Flat design is an everlasting trend, a design style which focuses on simple, elegant bidimensional shapes. Its popularity increased after the release of iOS7 and the “mobile revolution”, but its origin can be traced back to Bauhaus Graphic Design, Mies Van der Rohe motto “Less is More” and “Ornament and Crime” essay by Adolf Loos.
Image source: bauhaus-style (freepik.com)
The Origin of Flat Design
Bauhaus and Swiss Style can be considered the starting points of flat design, because these movements believed in the idea of the form which follows the function, resulting in a design based on simplicity and functionality without useless features. In fact, Swiss Style and flat design share many characteristics:
- composition based on grids;
- clean use of typography;
- importance of visual hierarchy.
These are the characteristics that influenced nowadays UI and Logo Design, and therefore, in many cases, logo redesigns just reuse old logos readapted for modern devices and media.
Less is More!Ludwig Mies van der Rohe
Image source: Bauhaus – Wikipedia
Flat Design and UI
The new communication via social media requires a brand to refresh and redesign its identity. This necessity of simplicity is caused by digital supports and influenced contemporary evolution in visual design. After the release of Windows 8 in 2012 by Microsoft, Apple presented the new iOS 7 User Interface in 2013, refreshing the glassy and 3D style of the past versions in a flat and simple interface. Apple, as the world leader in the mobile market, set a standard, and digital communication just adapted over the years. The new “old” Flat Design trend was perfect to match the needs of mobile and apps revolution, getting rid of any unuseful effect or “ornament” that caused longer and heavier downloads, just like Adolf Loos did with Architecture in his essay “Ornament and Crime”.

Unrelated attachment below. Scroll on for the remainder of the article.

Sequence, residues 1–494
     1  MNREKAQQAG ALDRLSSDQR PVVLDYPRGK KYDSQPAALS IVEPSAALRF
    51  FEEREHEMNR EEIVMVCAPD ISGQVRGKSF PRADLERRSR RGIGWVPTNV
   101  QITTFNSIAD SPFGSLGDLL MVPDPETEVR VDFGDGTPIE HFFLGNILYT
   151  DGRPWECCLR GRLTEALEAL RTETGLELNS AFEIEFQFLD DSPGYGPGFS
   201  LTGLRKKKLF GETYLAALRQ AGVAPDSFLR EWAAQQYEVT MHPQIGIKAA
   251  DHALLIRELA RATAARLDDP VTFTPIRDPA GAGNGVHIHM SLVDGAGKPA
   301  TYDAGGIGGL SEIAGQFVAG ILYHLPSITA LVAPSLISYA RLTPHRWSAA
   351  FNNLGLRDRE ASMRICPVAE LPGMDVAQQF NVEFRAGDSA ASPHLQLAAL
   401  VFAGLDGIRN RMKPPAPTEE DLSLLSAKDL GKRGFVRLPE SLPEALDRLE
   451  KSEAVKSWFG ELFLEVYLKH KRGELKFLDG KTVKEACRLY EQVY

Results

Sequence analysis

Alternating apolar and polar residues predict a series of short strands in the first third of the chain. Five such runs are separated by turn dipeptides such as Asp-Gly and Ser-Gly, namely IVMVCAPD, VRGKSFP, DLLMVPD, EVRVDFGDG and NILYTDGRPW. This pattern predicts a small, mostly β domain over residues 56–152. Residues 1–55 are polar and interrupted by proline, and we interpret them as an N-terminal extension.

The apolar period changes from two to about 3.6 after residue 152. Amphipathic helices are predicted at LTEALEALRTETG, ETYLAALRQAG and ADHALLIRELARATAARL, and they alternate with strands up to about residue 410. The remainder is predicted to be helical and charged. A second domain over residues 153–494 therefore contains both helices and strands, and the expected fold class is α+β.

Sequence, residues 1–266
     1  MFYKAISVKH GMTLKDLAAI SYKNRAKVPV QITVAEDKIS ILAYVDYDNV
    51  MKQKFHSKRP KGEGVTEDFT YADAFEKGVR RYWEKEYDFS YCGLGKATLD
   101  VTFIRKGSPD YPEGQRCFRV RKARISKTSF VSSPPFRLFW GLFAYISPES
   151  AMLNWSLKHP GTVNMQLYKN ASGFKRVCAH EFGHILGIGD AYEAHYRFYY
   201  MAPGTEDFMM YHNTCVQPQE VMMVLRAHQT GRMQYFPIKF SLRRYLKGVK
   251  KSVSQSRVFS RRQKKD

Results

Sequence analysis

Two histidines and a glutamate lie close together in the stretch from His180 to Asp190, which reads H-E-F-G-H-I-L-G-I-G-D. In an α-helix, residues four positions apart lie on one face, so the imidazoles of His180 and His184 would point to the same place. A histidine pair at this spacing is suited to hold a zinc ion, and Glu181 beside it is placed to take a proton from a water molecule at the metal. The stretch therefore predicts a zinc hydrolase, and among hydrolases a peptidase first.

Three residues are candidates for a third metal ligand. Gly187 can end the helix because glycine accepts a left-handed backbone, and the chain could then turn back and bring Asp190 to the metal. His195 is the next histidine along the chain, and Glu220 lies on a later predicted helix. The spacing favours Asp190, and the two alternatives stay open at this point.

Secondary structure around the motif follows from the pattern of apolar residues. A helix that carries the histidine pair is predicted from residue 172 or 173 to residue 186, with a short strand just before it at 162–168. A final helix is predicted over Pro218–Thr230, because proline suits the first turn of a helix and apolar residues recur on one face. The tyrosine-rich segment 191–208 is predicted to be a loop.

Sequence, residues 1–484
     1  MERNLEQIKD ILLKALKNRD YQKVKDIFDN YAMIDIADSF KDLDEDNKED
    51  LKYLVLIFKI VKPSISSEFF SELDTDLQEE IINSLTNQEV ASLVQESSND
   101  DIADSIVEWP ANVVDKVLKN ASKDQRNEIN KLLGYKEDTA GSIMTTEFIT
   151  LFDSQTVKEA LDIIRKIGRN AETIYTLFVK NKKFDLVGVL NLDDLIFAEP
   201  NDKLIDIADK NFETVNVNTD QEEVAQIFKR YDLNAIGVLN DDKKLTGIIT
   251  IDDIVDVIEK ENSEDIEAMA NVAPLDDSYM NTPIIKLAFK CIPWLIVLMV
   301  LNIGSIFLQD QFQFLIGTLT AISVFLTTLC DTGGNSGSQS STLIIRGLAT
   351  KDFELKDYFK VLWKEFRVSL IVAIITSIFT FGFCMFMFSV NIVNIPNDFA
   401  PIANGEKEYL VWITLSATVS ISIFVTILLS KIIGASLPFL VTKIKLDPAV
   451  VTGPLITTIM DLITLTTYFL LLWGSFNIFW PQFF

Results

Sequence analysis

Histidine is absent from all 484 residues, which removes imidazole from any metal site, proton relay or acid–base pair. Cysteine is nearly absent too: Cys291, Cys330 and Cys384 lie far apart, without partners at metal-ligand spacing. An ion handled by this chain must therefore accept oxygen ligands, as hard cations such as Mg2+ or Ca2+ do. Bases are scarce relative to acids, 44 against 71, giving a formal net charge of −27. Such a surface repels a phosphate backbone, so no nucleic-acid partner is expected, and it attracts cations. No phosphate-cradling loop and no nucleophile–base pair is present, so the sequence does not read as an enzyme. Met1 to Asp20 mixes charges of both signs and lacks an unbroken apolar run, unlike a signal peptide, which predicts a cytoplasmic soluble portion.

Flat Design and Automotive
Flat design has influenced many sectors, from tech to fashion, conditioning UI and logos. Talking about logos, automotive industry lived a bidimensional revolution during last years. Starting with Mini in 2015, Audi and Citroen in 2016, and continuing with Toyota and Volkswagen in 2019, Nissan and BMW in 2020, all these important brands have redesigned their logos with a 2D style. Recently, even Renault and Peugeot have presented their new logos, with a flat style too.
Is This Just A Trend?
Dan Beckett, Toyota Lead Designer, explained better the reasons behind this evolution in logo design: “With the advent of digital brand touchpoints and especially small mobile screens, all those fiddly bevels and gradients meant the logos became little grey smudges, indistinguishable from one another.
I don’t see [flat design] as a new trend, I see it as the logical solution to a universal problem created by a different trend.”Dan Beckett
Image source: About — Dan Beckett
Case Study: the Peugeot logo redesign
Peugeot is a good example of old logos reused for modern visual identity. In fact, this new version removes the lion’s body after almost 50 years, focusing the attention on the head, represented in the classic left side, recalling the older Peugeot’s 1960 logo. Apparently, the new version is aiming to give the carmaker a new look, more centered on electric technology, and even more sportive. In fact, the new logo has been presented together with the next communication trend of the entire brand which has a copy that reminds a more aggressive and inclusive tone of voice (“Lions of our time”), hovering photos of ideal Peugeot users with the logo.
Image source: Peugeot.uk